SAN DIEGO, California (CNN) -- Firefighters in Southern California are facing wind-whipped walls of flame from 15 wildfires that have scorched more than 400,000 acres and forced hundreds of thousands of people to flee their homes.
Firefighters battle the Witch fire Tuesday in the Del Dios area of Escondido, California.
The blazes have killed one person and injured at least 70 more.
Firefighters were aided by resources from Mexico, the state and federal governments and even inmates from California's prisons.
San Diego Fire Department Battalion Chief Bruce Cartelli described scenes of "utter devastation" with hundreds of homes lost and "many hundreds" of others damaged.
"It's probably the worst significant event in my career of 36 years," he said.
"It will not end ... until it reaches the ocean or the winds turn around," Cartelli said.
Meteorologists suggested that Santa Ana winds, which have fueled the wildfires with some gusts approaching 100 mph, could die down Wednesday afternoon.
"We are still facing some very serious fires," Homeland Security Secretary Michael Chertoff said after an aerial tour of the affected area. "The weather has made it very difficult for the air assets to get up and fight the fires. ... If the weather cooperates, maybe we can turn the tide tomorrow."
Officials have evacuated nearly 350,000 homes in San Diego County alone, where the worst of the fires are blazing. Using U.S. Census Bureau numbers from the 2000 census, that could mean as many as 950,000 were affected by the fires. Watch evacuees shaken, firefighters battling »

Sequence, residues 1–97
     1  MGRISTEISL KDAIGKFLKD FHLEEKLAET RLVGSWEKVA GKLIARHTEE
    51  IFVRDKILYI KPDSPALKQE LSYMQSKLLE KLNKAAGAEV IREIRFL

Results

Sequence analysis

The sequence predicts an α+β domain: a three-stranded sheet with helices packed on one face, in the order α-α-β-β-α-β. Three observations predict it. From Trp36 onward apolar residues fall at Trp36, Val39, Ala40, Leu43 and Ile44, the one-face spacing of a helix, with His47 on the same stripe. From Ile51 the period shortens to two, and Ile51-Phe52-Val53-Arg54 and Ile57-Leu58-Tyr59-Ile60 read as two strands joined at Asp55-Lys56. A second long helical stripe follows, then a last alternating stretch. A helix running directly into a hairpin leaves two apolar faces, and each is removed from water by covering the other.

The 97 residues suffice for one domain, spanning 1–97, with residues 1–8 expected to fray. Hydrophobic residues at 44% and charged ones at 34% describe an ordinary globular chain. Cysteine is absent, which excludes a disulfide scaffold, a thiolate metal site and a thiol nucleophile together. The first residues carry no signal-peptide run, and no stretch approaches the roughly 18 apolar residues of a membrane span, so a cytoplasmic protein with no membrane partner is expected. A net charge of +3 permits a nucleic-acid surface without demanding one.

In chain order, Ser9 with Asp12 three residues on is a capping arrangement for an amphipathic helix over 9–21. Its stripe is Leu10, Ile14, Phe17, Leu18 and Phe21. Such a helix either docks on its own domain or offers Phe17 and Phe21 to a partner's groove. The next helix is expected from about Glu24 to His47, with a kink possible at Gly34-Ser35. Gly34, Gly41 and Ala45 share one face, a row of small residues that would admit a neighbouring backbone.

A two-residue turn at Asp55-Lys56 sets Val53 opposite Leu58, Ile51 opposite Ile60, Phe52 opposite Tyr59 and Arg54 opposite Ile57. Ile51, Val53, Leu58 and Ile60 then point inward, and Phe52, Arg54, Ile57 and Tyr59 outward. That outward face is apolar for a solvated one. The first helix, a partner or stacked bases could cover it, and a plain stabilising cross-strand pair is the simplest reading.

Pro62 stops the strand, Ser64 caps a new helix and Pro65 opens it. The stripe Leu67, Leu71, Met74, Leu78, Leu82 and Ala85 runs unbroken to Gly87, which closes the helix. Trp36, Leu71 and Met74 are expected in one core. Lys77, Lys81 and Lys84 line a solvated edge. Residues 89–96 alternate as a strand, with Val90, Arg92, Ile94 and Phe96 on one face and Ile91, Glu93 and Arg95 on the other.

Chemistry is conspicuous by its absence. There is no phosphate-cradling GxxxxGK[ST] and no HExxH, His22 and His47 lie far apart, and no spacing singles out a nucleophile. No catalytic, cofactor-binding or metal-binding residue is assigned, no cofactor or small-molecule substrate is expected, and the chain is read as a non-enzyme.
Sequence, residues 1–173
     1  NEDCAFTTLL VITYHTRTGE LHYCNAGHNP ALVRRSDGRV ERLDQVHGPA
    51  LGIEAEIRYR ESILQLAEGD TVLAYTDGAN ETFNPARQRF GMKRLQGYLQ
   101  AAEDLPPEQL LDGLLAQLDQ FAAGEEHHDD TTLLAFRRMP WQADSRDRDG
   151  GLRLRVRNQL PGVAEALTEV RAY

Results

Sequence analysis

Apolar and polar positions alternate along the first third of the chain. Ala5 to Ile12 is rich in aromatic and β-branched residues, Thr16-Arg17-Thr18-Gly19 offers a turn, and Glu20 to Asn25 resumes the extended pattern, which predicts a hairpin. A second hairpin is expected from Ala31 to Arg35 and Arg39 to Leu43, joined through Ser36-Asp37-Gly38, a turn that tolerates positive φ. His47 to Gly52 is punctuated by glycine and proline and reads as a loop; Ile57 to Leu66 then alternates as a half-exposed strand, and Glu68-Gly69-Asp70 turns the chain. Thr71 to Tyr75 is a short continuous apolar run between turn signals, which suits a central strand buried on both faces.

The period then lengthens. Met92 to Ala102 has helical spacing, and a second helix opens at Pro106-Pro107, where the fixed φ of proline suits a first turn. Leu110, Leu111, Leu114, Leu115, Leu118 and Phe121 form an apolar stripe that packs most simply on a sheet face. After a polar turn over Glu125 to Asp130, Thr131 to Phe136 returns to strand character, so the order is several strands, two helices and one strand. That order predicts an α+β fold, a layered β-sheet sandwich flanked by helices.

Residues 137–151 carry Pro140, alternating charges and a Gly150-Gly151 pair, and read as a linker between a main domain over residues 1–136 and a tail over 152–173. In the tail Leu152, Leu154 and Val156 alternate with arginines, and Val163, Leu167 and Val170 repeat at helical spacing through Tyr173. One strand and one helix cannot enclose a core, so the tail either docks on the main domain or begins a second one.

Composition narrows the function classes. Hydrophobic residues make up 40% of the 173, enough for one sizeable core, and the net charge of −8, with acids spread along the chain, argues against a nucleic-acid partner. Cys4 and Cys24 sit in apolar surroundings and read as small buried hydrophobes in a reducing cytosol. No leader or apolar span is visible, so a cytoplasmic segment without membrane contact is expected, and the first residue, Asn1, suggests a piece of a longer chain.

In San Diego County, at least half a million residents had been ordered to find refuge in shelters, schools and stadiums as fires pushed into new areas.
Among the evacuees as more than 4,000 military personnel from several bases in the area.
With the winds pushing them across the area, the fires spread quickly, forcing some residents to flee in the middle of the night.
"My wife woke me up like 12 o'clock, screaming and yelling that the flames were coming down," said Johnny Villanueva of Spring Valley, who fled with his wife and daughter to San Diego's Qualcomm Stadium, which is serving as a shelter to more than 12,000 evacuees.
"We just loaded up the car really quick and came down here ... slept in our vehicles."
His wife, Elizabeth, added, "I saw on the mountain on fire, and said, 'Oh my God, my family. ... Let's go."
With Qualcomm Stadium being used by the evacuees, the San Diego Chargers planned to practice at the Arizona Cardinals' stadium in Glendale for next weekend's game.
Lake Arrowhead resident Michelle Dresser, who owns a business and was chased from her home by a wildfire last year, said she was waiting until the last minute to leave. She spent the night in her store, partly to help customers and neighbors.
"It is crazy. We are surrounded by fire on both sides," she said.
Asked by CNN where she would go, she replied, "I have to find someplace to accept two dogs, two cats and a turtle." Watch people staying with pets at refuge »
Animals are allowed in Qualcomm Stadium, a nearby field and Del Mar Fairgrounds and Racetrack.
President Bush is scheduled to visit the area on Thursday, the White House said. Chertoff arrived in San Diego Tuesday afternoon for a "first-hand look" at the devastation.
"I wanted to see for myself, first of all, how the shelter situation is in San Diego, what the fires look like up close," Chertoff told CNN.
The secretary said that the federal response to the wildfires is "phenomenally better" than the response to Hurricane Katrina in 2005, "because we have been preparing and planning and training together for the last 2 ½ years."
"Unlike in Katrina ... we have now built the process ... and we've rehearsed it, so when we take the field, the team already knows what we need to do," he said. See photos of the fires »